bINu makes it possible for customers to browse websites data-free. In other words, when you visit a website, you can browse even when you do not have mobile (data) credits. BiNu is a pioneer in this business model and has just partnered with MTN in South Africa to open the web for many people, across industrial sectors and business categories, from banking to SMEs.
MTN and #datafree pioneer biNu … announced a partnership that will enable mobile subscribers in South Africa to access websites and apps #datafree.
Rather than using their own mobile data to visit and interact with sites or apps, mobile subscribers in South Africa can now have their data paid for by participating digital content and application owners, thanks to biNu’s pioneering reverse billing model.
MTN is now offering biNu’s platform to its enterprise client base. By zero-rating their digital touchpoints, organisations will be able to expand their reach, increase engagement – and lower communication costs by moving customer engagement online from call centres and shops/branches. A large number of enterprises are also using this technology to enhance their digital training value proposition to staff members.
Because many African customers cannot afford data, digital companies continue to struggle to move experiences online. If you are looking for a business model to run in Nigeria, what biNu is doing is a great one. It is simply an orchestration where you use algorithm to predict how much it could cost you to serve your clients, and how much the telcos will charge you. Some telcos already offer this service to banks in Nigeria via reverse billing where banks send cheques, paying for their customers’ mobile data bills while visiting their websites.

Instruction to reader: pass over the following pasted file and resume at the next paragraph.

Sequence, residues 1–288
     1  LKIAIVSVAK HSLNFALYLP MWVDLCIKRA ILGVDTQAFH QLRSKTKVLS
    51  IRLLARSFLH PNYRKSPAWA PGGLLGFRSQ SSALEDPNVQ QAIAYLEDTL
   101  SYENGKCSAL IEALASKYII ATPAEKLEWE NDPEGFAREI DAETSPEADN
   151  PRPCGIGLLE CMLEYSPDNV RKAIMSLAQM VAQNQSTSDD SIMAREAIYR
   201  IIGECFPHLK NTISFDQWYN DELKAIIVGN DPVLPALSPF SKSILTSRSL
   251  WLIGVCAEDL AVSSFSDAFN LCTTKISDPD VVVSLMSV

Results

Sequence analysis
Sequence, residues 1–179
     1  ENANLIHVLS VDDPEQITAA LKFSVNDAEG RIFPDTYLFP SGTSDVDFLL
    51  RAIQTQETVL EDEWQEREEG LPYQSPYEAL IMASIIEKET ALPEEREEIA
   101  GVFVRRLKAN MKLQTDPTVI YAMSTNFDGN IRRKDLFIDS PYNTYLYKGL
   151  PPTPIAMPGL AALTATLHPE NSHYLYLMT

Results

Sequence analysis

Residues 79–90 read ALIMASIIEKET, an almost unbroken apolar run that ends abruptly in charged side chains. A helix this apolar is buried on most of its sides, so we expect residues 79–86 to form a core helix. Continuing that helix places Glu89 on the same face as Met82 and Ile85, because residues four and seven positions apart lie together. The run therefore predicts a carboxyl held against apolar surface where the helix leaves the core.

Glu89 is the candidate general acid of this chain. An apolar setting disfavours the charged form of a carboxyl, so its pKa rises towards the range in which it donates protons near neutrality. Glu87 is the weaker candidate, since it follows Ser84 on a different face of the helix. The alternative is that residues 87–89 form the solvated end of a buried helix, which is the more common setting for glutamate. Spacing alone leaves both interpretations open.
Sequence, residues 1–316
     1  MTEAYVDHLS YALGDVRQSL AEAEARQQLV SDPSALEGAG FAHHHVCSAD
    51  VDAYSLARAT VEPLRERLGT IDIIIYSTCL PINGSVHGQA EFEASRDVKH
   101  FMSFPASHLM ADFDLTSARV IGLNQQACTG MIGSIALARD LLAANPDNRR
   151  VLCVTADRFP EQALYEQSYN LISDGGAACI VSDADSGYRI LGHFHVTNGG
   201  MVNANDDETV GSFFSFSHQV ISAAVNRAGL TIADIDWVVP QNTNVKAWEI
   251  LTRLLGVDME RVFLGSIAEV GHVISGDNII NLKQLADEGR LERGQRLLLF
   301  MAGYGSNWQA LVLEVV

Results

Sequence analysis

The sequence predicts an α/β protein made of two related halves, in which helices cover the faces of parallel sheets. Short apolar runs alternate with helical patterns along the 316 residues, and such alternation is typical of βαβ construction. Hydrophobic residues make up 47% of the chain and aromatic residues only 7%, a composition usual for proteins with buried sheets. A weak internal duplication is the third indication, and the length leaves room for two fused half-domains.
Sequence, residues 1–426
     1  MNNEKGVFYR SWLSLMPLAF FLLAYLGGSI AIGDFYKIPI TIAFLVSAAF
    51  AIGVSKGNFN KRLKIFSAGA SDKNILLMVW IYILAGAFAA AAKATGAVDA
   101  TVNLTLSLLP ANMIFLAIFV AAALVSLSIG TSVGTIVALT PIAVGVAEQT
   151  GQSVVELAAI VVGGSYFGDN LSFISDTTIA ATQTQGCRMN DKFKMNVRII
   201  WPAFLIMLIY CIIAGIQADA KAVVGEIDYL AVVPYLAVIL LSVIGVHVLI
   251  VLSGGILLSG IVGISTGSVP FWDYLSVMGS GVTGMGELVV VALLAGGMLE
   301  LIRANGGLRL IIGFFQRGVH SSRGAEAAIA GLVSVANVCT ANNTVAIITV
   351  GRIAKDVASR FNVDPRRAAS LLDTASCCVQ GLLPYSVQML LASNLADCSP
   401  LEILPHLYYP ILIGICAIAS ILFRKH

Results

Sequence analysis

I expect entrepreneurs to move in this line in coming months in Nigeria; it is already maturing in South Africa.
This trajectory supports my thesis that we will reach broadband parity by 2022 where internet usage in Nigeria will become readily affordable and then open massive opportunities for digital (online) companies.
In today’s videocast, I make a case that Africa will enter the era of affordable broadband internet in 2022. That will be the year we will begin a new dawn of immersive connectivity where you can eat and surf all you can. Industry players will take off the Internet meter and then focus on service, experience and quality. From satellite broadband vendors to the MNCs with balloons and drones, the sector will become very competitive and service will drive growth. This has happened in the past – every decade, Africa experiences a major industrial transformation. We saw that in banking and voice telephony. 2020s, starting at 2022, will be the decade of immersive connectivity.
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